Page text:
DENVER • The fourth-seeded Colorado Springs Christian School started Thursday’s Class 3A girls’ basketball quarterfinal in a seven-point hole. A dominant first-half stretch helped the Lions finish the game with an empty bench and a 52-37 win over No. 5 Centauri at University of Denver’s Hamilton Gym.
A banked 3-pointer and two transition layups saw the Falcons score the first seven points in the first couple minutes.
“I was scared to death,” CSCS coach Mark Engesser said.
The Lions' junior tandem of Rachel Ingram and Megan Engesser took over from there, as the Lions got the Falcons into an up-and-down affair.
After a Virginia McGrath free throw, Ingram hit consecutive 3-pointers to tie the game. Engesser then hit her first to give CSCS its first lead at 10-7 with 2:35 left in the quarter before Ingram added a three-point play.
Engesser stretched the run to 16-0 with another 3-pointer to open the second quarter. Abby Knedler and Engesser added two more 3-pointers, as the Lions took a 30-16 halftime lead. In addition to the hot shooting, CSCS used a swarming defense to hold the Falcons to nine points in the final 13-plus minutes of the first half.
“We just played so hard,” Mark Engesser said. “We sprinted everywhere and we were so frantic on defense, they just couldn’t handle the pace.”
Ingram’s fourth 3-pointer capped a 7-0 CSCS run to start the second half, which saw the Lions go up by 20 points en route to a comfortable win and a return to the state semifinals.
Engesser (13) and Ingram (17) combined for 30 of the Lions’ 52 points and hit 7 of 8 3-pointers, while Katie McGrath added nine points.
Melissa Wilson scored 13 points for Centauri, while Caroline Van Berkum added 10. Ember Canty, the Falcons’ 6-foot-3 forward grabbed 18 rebounds but was limited to two points on 1 of 8 shooting.
The Lions are on to a Friday semifinal against Moffat County, the No. 8 seed which knocked off No. 1 Kent Denver earlier Thursday.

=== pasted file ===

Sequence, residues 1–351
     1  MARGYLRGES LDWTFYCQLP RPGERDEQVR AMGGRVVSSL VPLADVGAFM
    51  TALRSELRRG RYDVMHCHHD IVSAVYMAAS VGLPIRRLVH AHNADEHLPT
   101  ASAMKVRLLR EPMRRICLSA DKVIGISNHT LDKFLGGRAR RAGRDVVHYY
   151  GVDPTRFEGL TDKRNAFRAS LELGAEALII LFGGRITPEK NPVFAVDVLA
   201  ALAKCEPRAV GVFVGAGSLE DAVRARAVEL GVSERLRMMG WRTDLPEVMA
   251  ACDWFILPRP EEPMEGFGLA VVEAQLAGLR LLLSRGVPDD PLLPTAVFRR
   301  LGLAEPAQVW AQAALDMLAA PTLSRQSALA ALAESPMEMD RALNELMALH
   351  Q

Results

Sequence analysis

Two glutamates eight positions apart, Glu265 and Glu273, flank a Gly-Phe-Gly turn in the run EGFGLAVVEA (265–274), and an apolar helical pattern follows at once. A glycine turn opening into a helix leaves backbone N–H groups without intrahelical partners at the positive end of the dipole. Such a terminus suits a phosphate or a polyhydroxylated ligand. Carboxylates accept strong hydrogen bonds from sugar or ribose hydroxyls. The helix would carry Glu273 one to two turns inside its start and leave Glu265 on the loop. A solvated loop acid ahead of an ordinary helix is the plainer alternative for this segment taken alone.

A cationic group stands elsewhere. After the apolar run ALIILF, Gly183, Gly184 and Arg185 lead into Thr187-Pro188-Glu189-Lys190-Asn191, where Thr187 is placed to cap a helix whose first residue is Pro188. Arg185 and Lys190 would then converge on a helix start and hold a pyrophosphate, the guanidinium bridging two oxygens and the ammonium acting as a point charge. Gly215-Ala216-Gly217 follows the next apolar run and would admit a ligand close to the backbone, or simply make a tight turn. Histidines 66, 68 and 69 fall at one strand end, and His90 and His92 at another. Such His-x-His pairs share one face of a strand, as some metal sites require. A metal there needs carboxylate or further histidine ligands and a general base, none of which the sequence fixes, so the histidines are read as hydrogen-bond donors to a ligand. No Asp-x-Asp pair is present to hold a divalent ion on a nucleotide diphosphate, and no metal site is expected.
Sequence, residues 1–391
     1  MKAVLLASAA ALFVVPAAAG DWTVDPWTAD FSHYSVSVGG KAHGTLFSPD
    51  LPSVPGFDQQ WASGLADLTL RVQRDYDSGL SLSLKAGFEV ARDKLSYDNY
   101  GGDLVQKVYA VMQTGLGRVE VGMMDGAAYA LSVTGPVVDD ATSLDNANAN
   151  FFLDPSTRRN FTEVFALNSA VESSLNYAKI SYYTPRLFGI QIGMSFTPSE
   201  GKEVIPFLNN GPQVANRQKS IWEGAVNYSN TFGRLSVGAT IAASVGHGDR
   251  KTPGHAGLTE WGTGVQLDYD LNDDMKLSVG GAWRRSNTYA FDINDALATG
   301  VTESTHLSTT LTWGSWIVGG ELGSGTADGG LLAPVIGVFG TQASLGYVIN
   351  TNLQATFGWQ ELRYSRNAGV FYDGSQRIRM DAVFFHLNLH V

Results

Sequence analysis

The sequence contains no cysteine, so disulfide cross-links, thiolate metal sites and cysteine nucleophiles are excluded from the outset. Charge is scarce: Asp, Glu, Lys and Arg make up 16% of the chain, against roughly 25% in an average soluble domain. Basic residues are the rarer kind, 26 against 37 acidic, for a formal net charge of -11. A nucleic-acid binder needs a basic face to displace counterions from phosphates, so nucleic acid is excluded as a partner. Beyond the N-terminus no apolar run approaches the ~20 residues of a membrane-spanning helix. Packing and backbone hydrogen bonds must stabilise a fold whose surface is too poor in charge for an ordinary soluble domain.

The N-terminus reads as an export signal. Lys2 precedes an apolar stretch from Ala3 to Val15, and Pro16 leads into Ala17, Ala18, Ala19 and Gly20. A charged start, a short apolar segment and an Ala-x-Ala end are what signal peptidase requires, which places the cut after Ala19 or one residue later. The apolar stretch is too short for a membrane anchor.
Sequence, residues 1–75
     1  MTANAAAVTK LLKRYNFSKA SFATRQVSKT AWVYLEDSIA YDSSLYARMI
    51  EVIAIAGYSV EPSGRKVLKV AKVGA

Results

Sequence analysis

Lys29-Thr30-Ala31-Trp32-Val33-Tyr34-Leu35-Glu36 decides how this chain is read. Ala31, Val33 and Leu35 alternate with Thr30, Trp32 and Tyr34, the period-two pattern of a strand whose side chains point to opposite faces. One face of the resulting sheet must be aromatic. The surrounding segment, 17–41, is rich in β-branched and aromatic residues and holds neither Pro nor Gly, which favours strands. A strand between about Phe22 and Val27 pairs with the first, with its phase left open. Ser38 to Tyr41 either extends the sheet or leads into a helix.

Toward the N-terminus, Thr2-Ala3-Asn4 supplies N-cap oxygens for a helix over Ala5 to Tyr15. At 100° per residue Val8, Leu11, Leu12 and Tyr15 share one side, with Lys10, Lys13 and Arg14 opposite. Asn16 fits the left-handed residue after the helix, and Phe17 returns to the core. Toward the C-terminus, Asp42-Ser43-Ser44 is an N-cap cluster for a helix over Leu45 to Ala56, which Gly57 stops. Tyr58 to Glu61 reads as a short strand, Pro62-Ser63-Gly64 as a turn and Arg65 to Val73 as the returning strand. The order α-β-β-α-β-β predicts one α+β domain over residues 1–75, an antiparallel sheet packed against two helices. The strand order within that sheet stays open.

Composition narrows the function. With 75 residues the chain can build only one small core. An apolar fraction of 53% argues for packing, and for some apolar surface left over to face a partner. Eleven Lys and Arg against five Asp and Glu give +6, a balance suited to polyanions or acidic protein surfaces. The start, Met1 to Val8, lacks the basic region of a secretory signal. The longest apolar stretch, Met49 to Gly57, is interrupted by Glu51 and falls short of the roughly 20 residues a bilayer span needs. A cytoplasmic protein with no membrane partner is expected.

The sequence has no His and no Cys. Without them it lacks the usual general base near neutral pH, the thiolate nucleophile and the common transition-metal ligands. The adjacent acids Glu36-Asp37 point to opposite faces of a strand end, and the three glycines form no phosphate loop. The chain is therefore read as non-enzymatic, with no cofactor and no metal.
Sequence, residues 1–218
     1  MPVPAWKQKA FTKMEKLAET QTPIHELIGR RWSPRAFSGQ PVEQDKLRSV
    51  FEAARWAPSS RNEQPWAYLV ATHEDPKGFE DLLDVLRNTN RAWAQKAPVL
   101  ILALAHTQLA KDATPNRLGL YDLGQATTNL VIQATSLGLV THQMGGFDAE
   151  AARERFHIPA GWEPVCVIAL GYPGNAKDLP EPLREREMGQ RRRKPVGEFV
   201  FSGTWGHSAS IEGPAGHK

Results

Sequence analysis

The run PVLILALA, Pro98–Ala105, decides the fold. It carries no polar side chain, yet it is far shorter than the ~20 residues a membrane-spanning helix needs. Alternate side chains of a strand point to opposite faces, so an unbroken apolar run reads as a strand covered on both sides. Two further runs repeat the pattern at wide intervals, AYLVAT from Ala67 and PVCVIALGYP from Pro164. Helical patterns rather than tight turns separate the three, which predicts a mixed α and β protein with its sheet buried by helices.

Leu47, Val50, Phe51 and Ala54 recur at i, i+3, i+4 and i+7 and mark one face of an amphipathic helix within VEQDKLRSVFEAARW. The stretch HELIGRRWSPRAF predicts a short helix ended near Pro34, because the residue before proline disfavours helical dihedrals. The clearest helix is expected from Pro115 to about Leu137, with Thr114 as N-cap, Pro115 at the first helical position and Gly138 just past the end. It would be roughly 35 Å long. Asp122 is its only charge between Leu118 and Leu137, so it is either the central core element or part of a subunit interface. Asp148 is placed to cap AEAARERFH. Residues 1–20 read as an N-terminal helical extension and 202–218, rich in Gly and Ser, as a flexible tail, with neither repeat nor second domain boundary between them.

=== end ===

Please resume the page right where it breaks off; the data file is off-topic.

After falling to Lamar in the 2017 championship game, the Lions feel better their second time on the biggest stage.
“I was terrified. I remember last year, I was just shaking my first game,” Ingram said. “I could not focus, but this game it was just like I was ready to go. I just want to win the championship.”
“Last time, we didn’t really know what to expect, but this time we know what to expect,” Megan Engesser said. “And we want to win.”
Mysterious Moffat County
Speaking just after his team downed Centauri, the CSCS coach wasn’t sure what to expect from Friday’s opponent.
He didn’t watch the Bulldogs beat Kent Denver, but his assistants did.
“I heard they rebound pretty well,” Engesser said. “That’s all I heard.”
The CSCS coach planned to watch the game film when he got back to his hotel room Thursday night.
The Lions and Bulldogs’ only shared opponent is Grand Valley. CSCS won 77-34 in its opener, while Moffat County owned 12- and 9-point wins over Grand Valley.
Moffat County held the Sun Devils to just two points in the first half. Brooke Gumer, at 6-foot-1, scored 12 points and grabbed 14 rebounds for the Bulldogs, while Jana Camilletti added 12 points and six rebounds.
St. Mary’s, the three seed, beat No. 6 Cedaredge 64-33 in an earlier quarterfinal Thursday. No. 2 Pagosa Springs and 10th-seeded Lamar met later Thursday for the right to play the Pirates.